Honeysuckles (Lonicera spp.) Are highly aromatic landscape vines and shrubs climbed during U. S. Department of Agriculture plant hardiness zones 4 through 10, depending on species. Even though they are generally hardy, honeysuckles may be plagued by problems with aphids from the landscaping. Fortunately for lovers of the sweetly scented plant, effective aphid control is within reach of their home gardener.
Aphids are small, soft-bodied insects which feed on plants by directly removing the nutritious fluids included inside tissues. The potato aphid (Macrosiphum euphorbiae) is the most common aphid found on honeysuckle. This rather large purple or green aphid will feed in clusters, together with young aphids feeding together with their parents. Populations begin on lower leaves and work their way upwards and outward along affected honeysuckles.
Small colonies of aphids may feed undetected, but when populations explode, plants feel that the demand placed on them by those insects. Leaves respond by curling, yellowing or appearing distorted. Younger honeysuckles may exhibit a general loss of vigor or even die in the face of a large infestation. All these sap-feeding insects also exude a sticky substance called honeydew that can attract other problems.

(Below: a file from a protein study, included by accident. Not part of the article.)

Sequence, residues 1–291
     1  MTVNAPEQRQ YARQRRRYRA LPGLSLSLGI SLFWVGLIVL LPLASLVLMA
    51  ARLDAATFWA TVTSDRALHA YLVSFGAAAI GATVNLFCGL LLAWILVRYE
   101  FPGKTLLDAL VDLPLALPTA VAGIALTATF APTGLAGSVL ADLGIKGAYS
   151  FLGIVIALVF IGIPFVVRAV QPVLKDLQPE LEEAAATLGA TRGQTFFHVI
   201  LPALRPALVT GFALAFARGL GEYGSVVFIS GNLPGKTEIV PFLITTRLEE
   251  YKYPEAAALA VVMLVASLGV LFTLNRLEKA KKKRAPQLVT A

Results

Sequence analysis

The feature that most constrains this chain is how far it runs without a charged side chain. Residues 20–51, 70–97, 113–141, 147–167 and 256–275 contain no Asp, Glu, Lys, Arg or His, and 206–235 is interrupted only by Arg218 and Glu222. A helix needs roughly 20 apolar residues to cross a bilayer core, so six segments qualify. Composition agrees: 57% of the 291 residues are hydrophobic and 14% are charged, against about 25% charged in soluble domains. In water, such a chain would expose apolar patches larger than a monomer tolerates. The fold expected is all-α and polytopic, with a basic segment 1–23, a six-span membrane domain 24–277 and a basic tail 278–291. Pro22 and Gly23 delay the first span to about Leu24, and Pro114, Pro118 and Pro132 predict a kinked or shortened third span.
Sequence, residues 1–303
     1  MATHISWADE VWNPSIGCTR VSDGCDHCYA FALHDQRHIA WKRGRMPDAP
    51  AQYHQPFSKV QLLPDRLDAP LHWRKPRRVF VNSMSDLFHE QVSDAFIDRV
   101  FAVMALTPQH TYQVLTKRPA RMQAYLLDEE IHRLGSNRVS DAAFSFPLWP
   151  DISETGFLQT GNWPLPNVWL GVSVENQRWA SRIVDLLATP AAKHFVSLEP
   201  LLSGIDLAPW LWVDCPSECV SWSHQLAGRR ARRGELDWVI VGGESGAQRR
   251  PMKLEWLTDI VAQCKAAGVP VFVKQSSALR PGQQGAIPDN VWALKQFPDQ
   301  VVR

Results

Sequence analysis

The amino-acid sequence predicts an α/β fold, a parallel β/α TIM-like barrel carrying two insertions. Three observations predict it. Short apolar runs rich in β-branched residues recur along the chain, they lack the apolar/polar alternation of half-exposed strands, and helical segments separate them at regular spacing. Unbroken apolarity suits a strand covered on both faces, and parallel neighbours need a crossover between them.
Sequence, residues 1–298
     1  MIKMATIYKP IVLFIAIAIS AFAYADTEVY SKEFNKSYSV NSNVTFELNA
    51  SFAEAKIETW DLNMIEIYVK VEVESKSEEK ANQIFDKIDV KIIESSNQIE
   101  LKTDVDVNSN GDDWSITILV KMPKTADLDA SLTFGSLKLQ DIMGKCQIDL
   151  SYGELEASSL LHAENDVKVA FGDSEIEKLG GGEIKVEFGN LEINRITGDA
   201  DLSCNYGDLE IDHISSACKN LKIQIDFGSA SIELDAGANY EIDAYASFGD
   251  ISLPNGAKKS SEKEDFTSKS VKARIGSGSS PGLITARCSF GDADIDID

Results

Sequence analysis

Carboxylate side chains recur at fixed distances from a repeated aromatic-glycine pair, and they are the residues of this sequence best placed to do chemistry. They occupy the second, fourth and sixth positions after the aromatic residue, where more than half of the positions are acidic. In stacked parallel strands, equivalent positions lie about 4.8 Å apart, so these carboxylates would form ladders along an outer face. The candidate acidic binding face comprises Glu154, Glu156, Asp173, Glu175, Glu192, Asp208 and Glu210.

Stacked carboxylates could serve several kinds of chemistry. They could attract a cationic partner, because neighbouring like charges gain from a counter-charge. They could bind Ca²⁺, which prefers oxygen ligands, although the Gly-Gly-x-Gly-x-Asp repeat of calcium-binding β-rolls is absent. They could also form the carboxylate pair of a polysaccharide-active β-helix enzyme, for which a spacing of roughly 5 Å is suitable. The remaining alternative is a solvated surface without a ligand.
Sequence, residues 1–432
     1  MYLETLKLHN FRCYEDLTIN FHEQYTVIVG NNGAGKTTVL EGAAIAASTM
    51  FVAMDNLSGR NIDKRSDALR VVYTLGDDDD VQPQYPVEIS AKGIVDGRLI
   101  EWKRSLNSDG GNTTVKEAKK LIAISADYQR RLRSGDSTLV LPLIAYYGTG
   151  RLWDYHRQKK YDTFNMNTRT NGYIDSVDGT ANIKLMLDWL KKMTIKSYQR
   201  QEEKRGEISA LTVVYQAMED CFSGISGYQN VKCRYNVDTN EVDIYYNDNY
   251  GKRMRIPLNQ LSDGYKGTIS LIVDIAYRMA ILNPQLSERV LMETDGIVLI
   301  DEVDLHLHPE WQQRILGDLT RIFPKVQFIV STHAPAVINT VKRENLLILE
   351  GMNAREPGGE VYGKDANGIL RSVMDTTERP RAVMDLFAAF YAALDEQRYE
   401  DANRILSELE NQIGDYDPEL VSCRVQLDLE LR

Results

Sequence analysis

Honeydew, Sooty Mold and Ants
Honeydew is the end product of aphid feeding and is mainly composed of sugars and excessive nutrients. Ants are highly attracted to honeydew and safeguard virtually any aphid colonies they find to be able to have a secure supply. Ants may even go as far as to transfer aphids from plant to plant to be able to further raise their numbers. Honeydew also attracts sooty molds — but these fungi don’t feed on the plants themselves, their black colonies can grow so thick that they interfere with photosynthesis.
If aphids are already being farmed by ants, the ants must be eliminated before the aphids can be effectively controlled. Using baits and sticky obstacles will rid aphid colonies of the protective ants. In many cases, aphids may simply be hosed off influenced plants, because they go too slowly to reattach before they starve. Where colonies are widespread, a weekly application of insecticidal soap when ambient temperatures are below 80 degrees Fahrenheit kills aphids on contact. Spraying the undersides of leaves with either water or insecticidal soap is crucial to control.